Not Signed-In
Which clippings match 'World View' keyword pg.1 of 1
23 FEBRUARY 2014

Mercator Projection versus the Gall-Peters Projection Maps

Fig.1 West Wing (television) season 2, episode 16, "Somebody's Going to Emergency, Somebody's Going to Jail".

1

2

3

TAGS

Arno Peters • cartographic metaphorcartographic representationscartographycultural constructscultural hegemony • cylindrical equal-area projection • equal-area cylindric projection • equal-area map projection • Eurocentric legacy • Gall-Peters Projection Map • geographygraphic representationhistorical narrativeshow we see the worldinformation visualisation • James Gall • map • map design • maps • Mercator Projection Map • metaphors of realityphysical geographypolitics of cartographyprojectionspatial representationspatial symbolismsymbolic meaning • The West Wing (television) • unexamined assumptionsvisual representationworld mapsworld view

CONTRIBUTOR

Simon Perkins
17 AUGUST 2013

ChartsBin: a web-based data visualisation tool

"ChartsBin is a web–based data visualization tool that will allow everyone to quickly and easily create rich interactive visualizations with their own data."

Fig.1 Number of Feature Films Produced by Country.

1

CONTRIBUTOR

Simon Perkins
28 APRIL 2013

Eurocentrism permeates our common cartographic representations

"on most maps, Europe and North America are situated on top–allowing us to believe that these countries are really 'on top of the world'. Africa, Australia and South America are always situated at the bottom. Why never the other way around? Cartographers make assumptions about the world (North is assumed to be at the top) and these assumptions have become normalised and are viewed as 'common sense'.

But these politically embedded assumptions help to structure how we see the world and our place in it. Few of us ever stop to think about the politics of cartography and what it says about Western cultural and economic imperialism and domination. Few ever think how these unexamined assumptions structure the way we see ourselves, to what extent and on what basis we rate our own worth (or supposed, entirely imagined, lack thereof) or how it restricts our imagination and limits the ways in which we think it is possible to excel and thrive in this world."

(Pierre De Vos, 23 April 2013)

1

TAGS

Africa • apolitical • assumptionsAustraliaBritish Librarycartographic metaphorcartographic representationscartographychartcultural artefactcultural hegemonycultural imperialism • economic imperialism • economic significance • Eurocentric legacy • Eurocentrism • Europegeopolitical mapgraphic representationhistorical maphistorical narrativeshow we see the worldinformation visualisationinterpretationmapsmetaphors of reality • neo-European • neutralnormalisation process • normalised • North America • Northern hemisphere • objective perspective • our place in the world • physical geography • political assumptions • politics of cartographypost-colonialismpostcolonial • postcoloniality • reterritorialisationSouth AfricaSouth America • Southern hemisphere • standardised classification • The Lie of the Land (exhibition) • the worldthe world around us • top • understanding of the worldunexamined assumptions • visual critique • visual representationworld mapsworld politicsworld view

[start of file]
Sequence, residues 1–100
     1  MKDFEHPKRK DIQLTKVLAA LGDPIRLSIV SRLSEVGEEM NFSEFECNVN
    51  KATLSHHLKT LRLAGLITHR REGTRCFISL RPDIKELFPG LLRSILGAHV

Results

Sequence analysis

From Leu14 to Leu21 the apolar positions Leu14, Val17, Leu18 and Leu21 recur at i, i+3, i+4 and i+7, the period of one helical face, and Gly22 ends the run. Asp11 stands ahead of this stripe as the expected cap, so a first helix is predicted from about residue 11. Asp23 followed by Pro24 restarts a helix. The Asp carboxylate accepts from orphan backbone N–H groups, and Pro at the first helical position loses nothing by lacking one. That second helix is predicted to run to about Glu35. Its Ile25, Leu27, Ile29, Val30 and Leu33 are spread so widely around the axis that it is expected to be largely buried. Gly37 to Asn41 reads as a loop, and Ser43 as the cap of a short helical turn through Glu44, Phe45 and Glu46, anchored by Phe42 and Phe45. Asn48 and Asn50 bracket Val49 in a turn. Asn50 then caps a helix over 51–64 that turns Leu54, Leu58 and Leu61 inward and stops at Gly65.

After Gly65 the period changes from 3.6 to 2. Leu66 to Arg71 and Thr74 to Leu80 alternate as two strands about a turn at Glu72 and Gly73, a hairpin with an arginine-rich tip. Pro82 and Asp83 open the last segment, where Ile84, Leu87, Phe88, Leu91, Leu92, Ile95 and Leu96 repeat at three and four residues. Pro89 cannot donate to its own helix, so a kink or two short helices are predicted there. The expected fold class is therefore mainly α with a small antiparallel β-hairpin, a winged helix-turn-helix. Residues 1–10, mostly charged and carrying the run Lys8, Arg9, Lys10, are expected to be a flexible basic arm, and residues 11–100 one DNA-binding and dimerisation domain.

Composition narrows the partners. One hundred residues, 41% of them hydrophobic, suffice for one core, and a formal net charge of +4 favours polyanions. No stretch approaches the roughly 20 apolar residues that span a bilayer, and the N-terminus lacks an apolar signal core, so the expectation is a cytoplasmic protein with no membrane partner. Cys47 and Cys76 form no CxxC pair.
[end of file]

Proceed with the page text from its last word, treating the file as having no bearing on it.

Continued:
CONTRIBUTOR

Simon Perkins
29 JUNE 2011

The Island: Stephen Walter's London Series

"London is one of the great living palimpsests of our time. Its layers of history and its constant energy to re–invent itself fuels this vast grey magnet. I was spurd on by the great Map Makers of London's past – John Roque, Greenwood and Phyllis Pearsall (the originator of the A–Z). Informed by my own insights and knowledge, I combined further research on the Internet and through writers such as Peter Ackroyd and Ian Sinclair.

The resulting map, a spoof of the historical ones of old, would challenge the first impressions of its viewer; touching on the Capital's vastness, its secrets and its undercurrents. With this process in mind, I began to edit the information, keeping what I felt were historically important, interesting, relevant and amusing. These fantastical additions and epithets are purposefully innocent and acidic, trivial and serious. The Map is as much about the personality of its viewer than it is about of my own. In other words it acts as a mirror.

Britain is a collection of islands and it undoubtedly forms part of our identity. This provincialism; the centre of many industries and in particular the London Centric Art world and its rise again to a world city status add to its identity as an icon, separated from the rest of the country. I wanted to perceive London as another one of these 'islands', and so when mapping the coastline around its Borough edges I was happy to discover Carshalton Beaches coinciding with this border."

(Stephen Walter)

Fig.1&2 Stephen Walter, "The Island"

1
2

3

TAGS

ancestral domainsancestral domainsborders • Carshalton Beaches • cartographycity mapscultural identitydrawing • epithets • everyday • fantastical additions • graphic representation • Greenwood • hand-drawn mapshistorical importancehistorical map • Ian Sinclair • icon • islands • John Roque • layers of history • London • London Centric Art • map makers • map of Londonmapmakingmapspalimpsest • Peter Ackroyd • Phyllis Pearsall • provincial • provincialism • secretspatial narrative • Stephen Walter • streetsubversion • The Island • UKundercurrentsurban centrevisual communicationvisualisationworld view

CONTRIBUTOR

Simon Perkins
Sign-In

Sign-In to Folksonomy

Can't access your account?

New to Folksonomy?

Sign-Up or learn more.